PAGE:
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During the COVID-19 pandemic, routine doctor’s visits and preventative care often had to take the back burner, so over the next few months, the Health & Wealth will be speaking with experts about how you can get back on track with your preventative health care.Have a pressing question? Reach out and let us know at smithbecky@missouri.edu or aspidel@missouri.edu.

Checking up on Men's Cardiovascular Health: 'There are actually so many simple, vital steps that people can take.'

Heart disease is the number one killer of men in the United States, and according to the Centers for Disease Control and Prevention, men are nearly twice as likely as women to die of heart disease.

KBIA’s Rebecca Smith recently sat down with Dr. Heidi Miller, the first chief medical officer for Missouri’s Department of Health & Senior Services. They spoke about how men can be more aware of their cardiovascular health and some simple steps they can take to improve it.

"Men can take better care of themselves, by themselves."
Dr. Heidi Miller

Rebecca Smith: Dr. Miller, to start us off – what does it mean when you say cardiovascular health? What are you really asking people and men to look for, to be aware of when we talk about that topic?

Dr. Heidi Miller: We want men to take care of their cardiovascular health, as well as their entire body, but in terms of cardiovascular – so,” cardio” means heart. “Vascular” means blood vessels – and there are many things that we can do to check to make sure that our heart and blood vessels are working well.

And fortunately, everything we need to do to increase the health of our heart and blood vessels actually helps the rest of our body.

So, checking your cardiovascular health can involve checking your weight, and your blood pressure, checking your sugar to make sure that you don't have diabetes, checking your cholesterol to make sure that you don't have what we call hyperlipidemia, which is when your cholesterol goes too high, and increases your risk for a heart attack and stroke.

And the main reason why we want to monitor our cardiovascular health is to really prevent heart attack and stroke, which are one of the most common causes of death.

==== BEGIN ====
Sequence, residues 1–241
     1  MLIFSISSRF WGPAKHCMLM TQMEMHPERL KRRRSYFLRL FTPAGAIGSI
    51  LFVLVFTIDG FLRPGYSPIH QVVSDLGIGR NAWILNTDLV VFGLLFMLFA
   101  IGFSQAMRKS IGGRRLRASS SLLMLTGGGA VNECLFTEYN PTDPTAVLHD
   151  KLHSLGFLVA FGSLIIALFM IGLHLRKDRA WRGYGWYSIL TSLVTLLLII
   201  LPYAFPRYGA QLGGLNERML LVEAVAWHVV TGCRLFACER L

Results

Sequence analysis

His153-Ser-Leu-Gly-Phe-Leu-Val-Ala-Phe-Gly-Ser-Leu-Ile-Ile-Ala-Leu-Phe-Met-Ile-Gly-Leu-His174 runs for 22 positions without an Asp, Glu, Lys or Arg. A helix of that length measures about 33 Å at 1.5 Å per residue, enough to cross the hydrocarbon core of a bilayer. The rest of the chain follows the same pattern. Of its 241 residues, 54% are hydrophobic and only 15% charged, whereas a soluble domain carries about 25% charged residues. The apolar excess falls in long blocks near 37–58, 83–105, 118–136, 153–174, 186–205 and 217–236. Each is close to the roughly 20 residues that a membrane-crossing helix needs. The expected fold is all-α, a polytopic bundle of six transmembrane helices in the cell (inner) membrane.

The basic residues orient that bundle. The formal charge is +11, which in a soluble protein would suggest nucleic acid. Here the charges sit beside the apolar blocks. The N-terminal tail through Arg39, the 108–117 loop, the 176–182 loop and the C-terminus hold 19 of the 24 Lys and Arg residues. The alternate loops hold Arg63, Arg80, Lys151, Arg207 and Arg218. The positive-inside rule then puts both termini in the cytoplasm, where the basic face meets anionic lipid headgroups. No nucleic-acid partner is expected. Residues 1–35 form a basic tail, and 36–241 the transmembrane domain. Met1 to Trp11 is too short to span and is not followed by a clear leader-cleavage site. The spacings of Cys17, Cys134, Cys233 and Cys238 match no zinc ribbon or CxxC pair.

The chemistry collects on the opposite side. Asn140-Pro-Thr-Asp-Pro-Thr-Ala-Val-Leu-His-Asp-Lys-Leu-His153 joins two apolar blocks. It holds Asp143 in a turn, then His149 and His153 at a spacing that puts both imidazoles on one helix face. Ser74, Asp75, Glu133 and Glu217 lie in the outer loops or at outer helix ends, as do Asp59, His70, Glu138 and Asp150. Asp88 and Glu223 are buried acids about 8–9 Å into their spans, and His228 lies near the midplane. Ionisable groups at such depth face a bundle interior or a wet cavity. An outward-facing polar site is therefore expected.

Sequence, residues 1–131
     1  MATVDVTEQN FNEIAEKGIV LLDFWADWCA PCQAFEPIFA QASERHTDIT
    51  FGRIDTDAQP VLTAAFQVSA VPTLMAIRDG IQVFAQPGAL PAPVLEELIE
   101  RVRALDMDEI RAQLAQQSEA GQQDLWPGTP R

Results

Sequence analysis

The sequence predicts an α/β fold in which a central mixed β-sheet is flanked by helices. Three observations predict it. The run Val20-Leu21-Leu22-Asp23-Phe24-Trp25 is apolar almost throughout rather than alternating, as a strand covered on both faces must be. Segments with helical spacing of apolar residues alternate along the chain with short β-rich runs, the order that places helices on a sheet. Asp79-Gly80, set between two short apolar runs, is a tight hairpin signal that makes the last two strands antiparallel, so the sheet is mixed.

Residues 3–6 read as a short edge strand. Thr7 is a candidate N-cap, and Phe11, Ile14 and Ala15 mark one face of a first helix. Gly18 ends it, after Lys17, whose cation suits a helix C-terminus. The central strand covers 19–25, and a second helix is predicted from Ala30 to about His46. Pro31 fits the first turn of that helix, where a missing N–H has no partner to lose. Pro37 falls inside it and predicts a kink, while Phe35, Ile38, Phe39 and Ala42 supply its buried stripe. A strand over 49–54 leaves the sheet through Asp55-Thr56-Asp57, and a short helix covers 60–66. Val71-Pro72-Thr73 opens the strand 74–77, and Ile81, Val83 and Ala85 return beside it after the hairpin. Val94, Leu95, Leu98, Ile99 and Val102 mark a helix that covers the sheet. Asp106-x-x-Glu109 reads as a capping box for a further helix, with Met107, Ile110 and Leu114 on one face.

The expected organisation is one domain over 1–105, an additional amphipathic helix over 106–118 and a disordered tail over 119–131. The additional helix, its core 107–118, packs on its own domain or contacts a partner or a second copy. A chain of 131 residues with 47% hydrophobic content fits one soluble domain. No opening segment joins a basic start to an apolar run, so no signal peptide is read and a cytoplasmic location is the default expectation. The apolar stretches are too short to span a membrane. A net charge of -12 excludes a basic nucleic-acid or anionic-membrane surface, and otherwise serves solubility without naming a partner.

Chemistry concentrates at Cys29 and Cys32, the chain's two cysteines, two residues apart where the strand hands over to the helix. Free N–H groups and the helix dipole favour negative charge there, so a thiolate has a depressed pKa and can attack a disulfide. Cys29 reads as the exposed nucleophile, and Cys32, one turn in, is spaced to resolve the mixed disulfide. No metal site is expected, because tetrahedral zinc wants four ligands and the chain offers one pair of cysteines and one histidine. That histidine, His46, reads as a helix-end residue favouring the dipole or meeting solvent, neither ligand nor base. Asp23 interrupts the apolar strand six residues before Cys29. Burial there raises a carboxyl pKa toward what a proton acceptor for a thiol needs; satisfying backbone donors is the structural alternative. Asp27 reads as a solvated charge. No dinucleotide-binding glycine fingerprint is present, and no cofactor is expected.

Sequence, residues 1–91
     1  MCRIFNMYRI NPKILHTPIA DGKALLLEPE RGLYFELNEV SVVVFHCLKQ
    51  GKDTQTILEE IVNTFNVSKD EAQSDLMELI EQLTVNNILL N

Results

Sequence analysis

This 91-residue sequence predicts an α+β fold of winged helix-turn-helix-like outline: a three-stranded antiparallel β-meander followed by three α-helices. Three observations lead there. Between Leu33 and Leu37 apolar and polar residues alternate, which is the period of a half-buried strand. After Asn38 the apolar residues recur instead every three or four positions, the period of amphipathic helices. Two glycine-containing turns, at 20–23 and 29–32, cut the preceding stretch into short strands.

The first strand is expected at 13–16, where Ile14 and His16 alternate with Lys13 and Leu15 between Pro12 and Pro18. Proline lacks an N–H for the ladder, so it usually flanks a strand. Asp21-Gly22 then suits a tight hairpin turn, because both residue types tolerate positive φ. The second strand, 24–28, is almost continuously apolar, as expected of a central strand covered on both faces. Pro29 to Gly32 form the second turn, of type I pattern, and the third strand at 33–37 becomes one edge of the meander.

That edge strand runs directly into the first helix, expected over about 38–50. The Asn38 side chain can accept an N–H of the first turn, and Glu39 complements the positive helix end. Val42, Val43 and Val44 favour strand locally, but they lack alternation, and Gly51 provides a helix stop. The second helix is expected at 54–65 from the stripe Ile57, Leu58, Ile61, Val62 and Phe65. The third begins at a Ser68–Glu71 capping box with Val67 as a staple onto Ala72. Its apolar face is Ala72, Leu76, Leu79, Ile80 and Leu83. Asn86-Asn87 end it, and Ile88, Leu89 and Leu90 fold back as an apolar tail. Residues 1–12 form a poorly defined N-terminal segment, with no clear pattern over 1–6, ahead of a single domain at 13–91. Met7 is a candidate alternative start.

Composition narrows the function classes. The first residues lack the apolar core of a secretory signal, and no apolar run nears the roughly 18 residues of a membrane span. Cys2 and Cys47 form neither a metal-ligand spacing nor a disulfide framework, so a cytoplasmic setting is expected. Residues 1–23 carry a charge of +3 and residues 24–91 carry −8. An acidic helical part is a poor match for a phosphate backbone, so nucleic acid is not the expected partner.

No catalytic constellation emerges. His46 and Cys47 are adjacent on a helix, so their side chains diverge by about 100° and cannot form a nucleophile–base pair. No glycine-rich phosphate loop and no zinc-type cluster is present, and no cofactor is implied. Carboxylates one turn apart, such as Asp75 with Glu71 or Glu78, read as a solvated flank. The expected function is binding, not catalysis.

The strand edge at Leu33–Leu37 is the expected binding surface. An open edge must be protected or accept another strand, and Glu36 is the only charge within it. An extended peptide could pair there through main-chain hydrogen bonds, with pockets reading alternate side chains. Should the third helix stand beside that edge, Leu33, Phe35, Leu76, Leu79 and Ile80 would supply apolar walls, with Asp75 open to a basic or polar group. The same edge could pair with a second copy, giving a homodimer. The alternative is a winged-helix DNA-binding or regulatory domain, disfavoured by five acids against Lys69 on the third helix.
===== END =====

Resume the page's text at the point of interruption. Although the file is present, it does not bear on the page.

Rebecca Smith: I feel like we often talk about things as that final consequence, you know, you have the heart attack. So, why is it important to get people thinking instead about that prevention aspect?

Dr. Heidi Miller: There are many patients who may ignore the health of their body until they end up in the emergency room with a heart attack or stroke.

Bee Brook Photography

We know that heart attack and stroke are preventable, and definitely postponable, and some of those early warning signs we might notice, but some of them may be invisible to us.

Blood pressure has been called the silent killer. So, it's really important to check blood pressure to check it early in life and to make sure that that our blood pressure stays below 120/80.

Rebecca Smith: Now, one thing I'm curious about is when should men start taking these steps?

Dr. Heidi Miller: So, every adult should seek out a primary care visit. At least by the age of 20, you should go in get your blood pressure, check that your cholesterol checked. That's key.

Once you get established and your provider can tell you what interval you need to follow up. Certainly, by 35, we can start checking for sugar. But again, we do that earlier, if there are additional risk factors.

So, I really hope that your listeners understand that there are actually so many simple, vital steps that people can take before even stepping foot in a in a doctor's office.

And when they come to the doctor's office, these are the first things that I'm going to tell them anyway.

Men can take better care of themselves, by themselves, more powerfully –and only when those methods don't work, please seek help and partnership and coaching from a health care team.

Rebecca Smith is an award-winning reporter and producer for the KBIA Health & Wealth Desk. Born and raised outside of Rolla, Missouri, she has a passion for diving into often overlooked issues that affect the rural populations of her state – especially stories that broaden people’s perception of “rural” life.
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